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  1. This is quite a difficult thing to explain. What is important here is that in Buddhism, the concepts of good and evil, as well as love and empathy, have a slightly different meaning compared to Christianity. The goal of Buddhist practice is to calm the mind, and all strong emotions are an obstacle in the way and must be discarded. The ideal person of Buddhism, then it is an enlightened person, an arahant, who is absolutely calm, he does not care about anything in this world. More precisely, he does not feel emotions about anything. This does not mean that he does not care about everything and everyone, but this “does not care” and is called metta, or loving kindness, compassion.

    In one of the most popular suttas of the Pali canon, the Karania Metta Sutta -The Buddha explains how to develop metta (loving kindness, compassion) and what are the benefits of its manifestation. Specifically, it says:

    “May all beings be happy,

    Let no one deceive each other,

    And he doesn't despise anyone anywhere,

    Let it be out of indignation or annoyance

    He doesn't want others to suffer.”

    That is, a person who develops metta develops a calm, even, Non – judgmental attitude towards All beings in the universe, no matter who they are-the narakas (infernal spirits) or the gods of the Brahma world. Because when we evaluate someone or something, our mind is agitated. For a Buddhist, the fervent struggle against evil is evil in itself, because thinking about “bad” and ” good “(especially about “bad”) does not calm the mind and does not lead it accordingly away from the goal of the path, that is, nibbana.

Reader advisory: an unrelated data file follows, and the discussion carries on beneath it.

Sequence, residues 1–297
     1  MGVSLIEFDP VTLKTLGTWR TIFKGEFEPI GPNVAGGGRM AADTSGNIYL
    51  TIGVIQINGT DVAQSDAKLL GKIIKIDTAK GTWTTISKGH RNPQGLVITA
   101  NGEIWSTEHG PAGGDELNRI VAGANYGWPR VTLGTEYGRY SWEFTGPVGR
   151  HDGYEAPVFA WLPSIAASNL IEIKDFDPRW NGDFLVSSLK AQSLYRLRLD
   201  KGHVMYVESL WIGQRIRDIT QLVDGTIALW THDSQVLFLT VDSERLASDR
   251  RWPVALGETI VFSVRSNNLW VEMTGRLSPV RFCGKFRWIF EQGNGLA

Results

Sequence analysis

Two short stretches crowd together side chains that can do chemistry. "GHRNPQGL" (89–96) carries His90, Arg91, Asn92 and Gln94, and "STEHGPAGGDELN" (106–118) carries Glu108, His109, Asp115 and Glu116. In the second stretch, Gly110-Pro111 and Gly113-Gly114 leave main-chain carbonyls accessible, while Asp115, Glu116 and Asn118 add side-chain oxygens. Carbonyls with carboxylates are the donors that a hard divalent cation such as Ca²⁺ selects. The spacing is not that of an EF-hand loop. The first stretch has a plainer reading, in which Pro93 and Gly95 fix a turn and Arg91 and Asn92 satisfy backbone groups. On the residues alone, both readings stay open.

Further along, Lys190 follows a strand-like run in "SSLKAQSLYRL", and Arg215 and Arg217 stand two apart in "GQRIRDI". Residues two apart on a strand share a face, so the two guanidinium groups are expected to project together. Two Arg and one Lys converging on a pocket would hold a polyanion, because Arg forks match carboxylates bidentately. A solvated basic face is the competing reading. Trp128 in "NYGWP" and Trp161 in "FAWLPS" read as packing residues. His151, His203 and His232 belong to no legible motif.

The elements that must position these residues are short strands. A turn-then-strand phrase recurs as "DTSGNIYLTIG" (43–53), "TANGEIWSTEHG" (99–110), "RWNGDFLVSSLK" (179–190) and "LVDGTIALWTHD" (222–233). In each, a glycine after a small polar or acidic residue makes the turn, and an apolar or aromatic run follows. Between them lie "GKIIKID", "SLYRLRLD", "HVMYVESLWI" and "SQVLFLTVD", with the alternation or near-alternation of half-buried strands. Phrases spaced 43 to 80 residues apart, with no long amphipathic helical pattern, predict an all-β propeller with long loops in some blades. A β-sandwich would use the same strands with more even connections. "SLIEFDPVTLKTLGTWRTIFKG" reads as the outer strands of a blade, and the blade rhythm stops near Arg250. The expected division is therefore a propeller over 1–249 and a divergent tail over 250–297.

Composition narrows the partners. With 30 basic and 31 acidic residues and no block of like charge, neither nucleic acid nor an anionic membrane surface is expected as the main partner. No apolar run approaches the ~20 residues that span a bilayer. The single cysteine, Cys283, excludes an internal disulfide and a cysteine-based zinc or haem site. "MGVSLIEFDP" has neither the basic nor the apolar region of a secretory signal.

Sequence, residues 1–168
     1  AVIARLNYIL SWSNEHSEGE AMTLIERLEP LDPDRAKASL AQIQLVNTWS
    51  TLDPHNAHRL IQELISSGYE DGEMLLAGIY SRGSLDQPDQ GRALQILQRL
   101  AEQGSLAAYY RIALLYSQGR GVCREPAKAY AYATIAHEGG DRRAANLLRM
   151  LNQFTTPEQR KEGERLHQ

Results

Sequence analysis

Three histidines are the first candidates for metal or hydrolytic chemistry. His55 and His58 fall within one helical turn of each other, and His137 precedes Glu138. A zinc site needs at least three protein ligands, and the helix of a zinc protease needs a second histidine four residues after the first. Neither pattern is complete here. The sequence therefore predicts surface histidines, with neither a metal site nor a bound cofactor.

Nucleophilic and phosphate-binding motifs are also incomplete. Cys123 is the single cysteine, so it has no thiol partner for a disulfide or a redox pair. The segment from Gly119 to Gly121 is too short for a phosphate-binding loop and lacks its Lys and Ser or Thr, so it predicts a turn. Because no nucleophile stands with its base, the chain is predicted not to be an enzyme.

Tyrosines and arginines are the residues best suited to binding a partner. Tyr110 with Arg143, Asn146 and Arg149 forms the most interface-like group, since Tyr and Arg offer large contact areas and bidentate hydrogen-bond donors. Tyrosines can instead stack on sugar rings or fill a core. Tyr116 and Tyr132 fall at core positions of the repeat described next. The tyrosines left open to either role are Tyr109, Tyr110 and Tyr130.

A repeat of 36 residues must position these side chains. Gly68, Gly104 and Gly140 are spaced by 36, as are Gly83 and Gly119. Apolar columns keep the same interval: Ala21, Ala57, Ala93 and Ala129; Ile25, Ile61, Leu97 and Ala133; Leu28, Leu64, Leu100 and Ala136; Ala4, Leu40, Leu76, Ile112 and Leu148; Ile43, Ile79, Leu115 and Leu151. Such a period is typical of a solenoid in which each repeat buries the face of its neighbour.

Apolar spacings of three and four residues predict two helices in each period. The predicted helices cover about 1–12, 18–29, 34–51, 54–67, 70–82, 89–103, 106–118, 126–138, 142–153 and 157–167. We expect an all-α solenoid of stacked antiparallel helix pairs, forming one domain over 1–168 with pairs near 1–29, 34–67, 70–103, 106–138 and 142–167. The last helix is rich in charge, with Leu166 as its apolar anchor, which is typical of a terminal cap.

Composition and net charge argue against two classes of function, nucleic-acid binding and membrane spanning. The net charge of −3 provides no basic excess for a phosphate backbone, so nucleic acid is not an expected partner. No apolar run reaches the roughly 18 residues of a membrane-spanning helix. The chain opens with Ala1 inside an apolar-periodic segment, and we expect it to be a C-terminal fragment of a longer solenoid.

Therefore, the person who develops metta develops it in order not to think about whether the beings for whom he feels compassion are good or bad. This compassion is not fervent Christian love, it is even, calm benevolence.

    In addition, the kammic paths are extremely complex and intricate. Being born into the human world is a rare piece of luck in itself, because most beings in samsara have existed and still exist in the lower realms (hell, the animal world, the world of hungry spirits), where the level of suffering is much higher than human. In one of the suttas, the Buddha reminds the monks around him that they themselves have incarnated as cows countless times before, and the ground under their feet is practically soaked in the blood of these unfortunate cows.

    But even in the human world, we sometimes experience great suffering because the “kammic boomerang” catches up with us from past or even the life before last. In general, only Buddhas can see how the mechanism of kamma works.

    Thus, reasoning in the style of “we are good and they are bad and therefore deserve to suffer” is generally not very correct both from a logical point of view (it is still unknown what suffering or problems will “catch up” with us in the future and therefore it is not for us to judge what we deserve and who does not deserve), and from the point of view of

    But there is another extremely important thing: in addition to kamma, life is subject to a large number of different factors, among which the most important is the factor of free will. Because if everything was determined only by kamma, there would be no development and all reality would be rigidly determined. However, All living beings can show strong-willed efforts and change their lives for the better. It is clear that, for example, for animals, this is more of a theoretical possibility (although there are cases of self-sacrifice in the animal world, and the dog that saved people can count on serious kammic “bonuses”), but for the same people it is very real. So when we say to ourselves, “May all beings be happy,” we wish them the exercise of this very free will for their own good and deliverance from suffering in the future.

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